For background, Apple got into a lot of trouble with customers who noticed that the performance of their older model phones was degrading over time. Apple was pushed to disclose that it had issued a software update that privileged power management over performance in older devices that had degraded batteries.

There was, unsurprisingly, some pushback, and Apple was forced to apologize for the way it handled the update.

The U.S. isn’t the only country where people are pressing Apple for more information. Consumer advocacy groups around the world — from Europe to Asia — are pressing for an investigation into the slowdown.



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iPhone sales numbers dipped slightly, but revenue is up courtesy of the iPhone X

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As far as sales figures go, this last quarter wasn’t entirely rosy for Apple. During today’s earnings report, the company posted sales of 77.3 million iPhones, down just under a million from this time last year.

Of course, that 78.2 million figure from 2017 represented a new record for the company. It’s also worth noting that this fiscal quarter was only 13 weeks, versus last year’s 14, which no doubt contributed to the overall decline. 

But Wall Street still expected another increase, up to 80.2 million phones for the quarter, as the company added a 10th anniversary flagship to the line. In spite of that disappointment, Apple actually saw a 13-percent bump in revenue for Q1 2018, thanks in no small part to the fact that the iPhone X represents a significant price premium over the iPhone 8 and past models. The average price per iPhone is ~$40 higher than it was this time last year.

The price premium hasn’t stopped the iPhone X from topping Apple’s own sales charts, either. An analysis of the industry recently singled out the high-end handset as the top selling phone for the holidays, in spite of failing to hit some industry goals. Today Apple added that the X has been the best-selling iPhone model since launch.

“We’re thrilled to report the biggest quarter in Apple’s history, with broad-based growth that included the highest revenue ever from a new iPhone lineup,” Tim Cook says in a press release tied to this evening’s news. “iPhone X surpassed our expectations and has been our top-selling iPhone every week since it shipped in November.”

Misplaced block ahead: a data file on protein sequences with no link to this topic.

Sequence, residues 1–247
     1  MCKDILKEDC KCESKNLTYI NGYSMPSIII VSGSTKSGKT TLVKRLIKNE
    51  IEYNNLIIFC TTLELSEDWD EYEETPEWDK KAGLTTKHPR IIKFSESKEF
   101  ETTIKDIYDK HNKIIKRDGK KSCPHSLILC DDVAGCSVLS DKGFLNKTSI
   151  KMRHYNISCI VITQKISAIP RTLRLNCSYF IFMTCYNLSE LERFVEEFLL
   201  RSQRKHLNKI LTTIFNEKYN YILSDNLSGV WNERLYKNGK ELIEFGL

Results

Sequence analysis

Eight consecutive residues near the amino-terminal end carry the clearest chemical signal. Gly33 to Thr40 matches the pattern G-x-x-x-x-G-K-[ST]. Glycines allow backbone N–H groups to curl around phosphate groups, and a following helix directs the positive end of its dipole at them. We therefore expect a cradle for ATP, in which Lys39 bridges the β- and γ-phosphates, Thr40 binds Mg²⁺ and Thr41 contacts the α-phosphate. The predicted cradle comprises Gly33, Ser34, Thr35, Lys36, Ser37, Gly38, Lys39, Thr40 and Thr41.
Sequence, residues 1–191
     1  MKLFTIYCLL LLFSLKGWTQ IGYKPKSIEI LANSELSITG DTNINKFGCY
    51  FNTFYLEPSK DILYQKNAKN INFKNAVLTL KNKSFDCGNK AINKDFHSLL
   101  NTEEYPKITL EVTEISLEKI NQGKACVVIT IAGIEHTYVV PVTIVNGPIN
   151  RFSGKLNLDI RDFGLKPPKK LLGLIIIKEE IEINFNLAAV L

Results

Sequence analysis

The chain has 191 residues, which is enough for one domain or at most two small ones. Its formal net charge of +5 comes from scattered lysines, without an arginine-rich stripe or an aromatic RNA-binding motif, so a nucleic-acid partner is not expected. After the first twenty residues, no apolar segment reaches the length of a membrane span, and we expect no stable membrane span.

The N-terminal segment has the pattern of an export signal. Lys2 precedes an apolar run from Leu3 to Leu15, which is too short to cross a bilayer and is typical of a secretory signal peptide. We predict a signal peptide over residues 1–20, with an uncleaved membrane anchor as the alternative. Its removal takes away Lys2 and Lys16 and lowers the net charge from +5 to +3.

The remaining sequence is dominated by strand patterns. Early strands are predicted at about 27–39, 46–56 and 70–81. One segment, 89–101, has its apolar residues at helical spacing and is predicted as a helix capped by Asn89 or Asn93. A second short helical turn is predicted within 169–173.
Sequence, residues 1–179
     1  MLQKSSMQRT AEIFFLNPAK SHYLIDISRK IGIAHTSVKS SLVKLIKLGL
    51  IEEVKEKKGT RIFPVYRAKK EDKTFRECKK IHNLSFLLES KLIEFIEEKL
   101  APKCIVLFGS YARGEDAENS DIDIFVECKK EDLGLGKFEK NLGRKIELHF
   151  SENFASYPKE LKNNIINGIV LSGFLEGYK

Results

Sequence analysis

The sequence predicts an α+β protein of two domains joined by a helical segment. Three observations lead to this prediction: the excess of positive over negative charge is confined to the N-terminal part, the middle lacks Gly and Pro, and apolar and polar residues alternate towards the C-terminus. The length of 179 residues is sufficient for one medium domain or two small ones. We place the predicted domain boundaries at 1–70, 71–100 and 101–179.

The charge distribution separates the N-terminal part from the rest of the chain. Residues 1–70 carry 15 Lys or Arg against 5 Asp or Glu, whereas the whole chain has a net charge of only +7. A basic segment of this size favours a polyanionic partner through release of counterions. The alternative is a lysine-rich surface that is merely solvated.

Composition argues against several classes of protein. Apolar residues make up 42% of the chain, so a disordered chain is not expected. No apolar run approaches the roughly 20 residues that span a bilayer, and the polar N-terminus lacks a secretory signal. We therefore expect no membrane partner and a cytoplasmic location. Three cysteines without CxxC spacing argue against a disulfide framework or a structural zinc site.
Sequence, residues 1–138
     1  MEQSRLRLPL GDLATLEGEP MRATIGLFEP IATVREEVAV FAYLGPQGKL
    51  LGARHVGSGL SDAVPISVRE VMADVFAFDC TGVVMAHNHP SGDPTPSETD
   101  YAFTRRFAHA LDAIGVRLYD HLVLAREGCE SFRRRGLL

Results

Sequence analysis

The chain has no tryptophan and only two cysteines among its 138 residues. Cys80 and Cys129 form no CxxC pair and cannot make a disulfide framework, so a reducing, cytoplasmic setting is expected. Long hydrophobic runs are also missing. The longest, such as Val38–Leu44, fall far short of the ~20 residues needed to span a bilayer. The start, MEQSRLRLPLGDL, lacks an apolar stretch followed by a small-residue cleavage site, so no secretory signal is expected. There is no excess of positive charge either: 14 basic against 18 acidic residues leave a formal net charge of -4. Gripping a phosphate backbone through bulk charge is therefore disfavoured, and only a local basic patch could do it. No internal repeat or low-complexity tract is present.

Cook also notes that the company’s overall active installed device base just hit 1.3 billion.

Likely the company is still viewing all of this disappointment, but still a net positive. After all, revenue is really the bottom line here, even if the optics of a sales dip aren’t as cheery. Apple’s shifted to a new sales model, and even if the iPhone X wasn’t a wild success by every metric, the company’s demonstrated that people are willing to pay $999+ for a premium smartphone experience.



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Snapchat slips our features like fonts and do not disturb amidst redesign

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Snap is waking up to the “Time Well Spent” movement Facebook is already reckoning with. Snapchat is offering a way to mute specific people without formally blocking them. Meanwhile, the sweeping redesign that’s slowly rolling out comes with ways to jazz up your Snaps with colorful text styles.

The new features focus around making Snapchat the most flexible visual messaging app, doubling down on its most popular use case as its Stories stop growing in the face of competition from Facebook’s Instagram and WhatsApp. Instagram just added its own special fonts which threatened to make Snapchat’s text look boring. A TechCrunch reader tipped us off with these screenshots.

Snapchat tells me Do Not Disturb quietly rolled out a few weeks ago. By tapping and holding on a person or group, it lets you mute notifications from them so you don’t get constantly alerted but also don’t have to block them or leave the group. They won’t know you silenced them. That’s especially helpful if a close friend won’t shut up on Snapchat, but it’d be rude to cut them out entirely.

Protecting our sense of focus and attention is critical if we’re going to stay sane as mobile phones become more central to our lives. Muting your phone entirely can produce its own form of stress as you wonder if you’re missing something important. That’s why thread-by-thread do not disturb features are necessary. Facebook Messenger has had the feature for years.

In fact, Do Not Disturb was championed by Tristan Harris, leader of the Time Well Spent movement who today launched the Center For Humane Technology that will fund anti-tech addiction research, education, and lobbying. The next step for Snap would be allowing users to select how long they want to mute someone rather than it being indefinite. It could also offer a “notify anyway” option that tells the sender you’re busy but that they can message again to bypass the Do Not Disturb barrier.

In more lighthearted fare, Snapchat confirms it’s starting to roll out new text styles just a week after Instagram added its new “Type Mode” with modern, signature, typewriter, and billboard fonts. They’re coming as part of the big redesign that’s currently reached the UK, Australia, and Canada but that’s wider rollout has been steadily delayed.

When typing, Snapchatters will see the option to switch between the existing small and big text option as well as new Glow neon lettering and Rainbow that swashes color gradients across your words. These could help users express ideas with more style or silliness.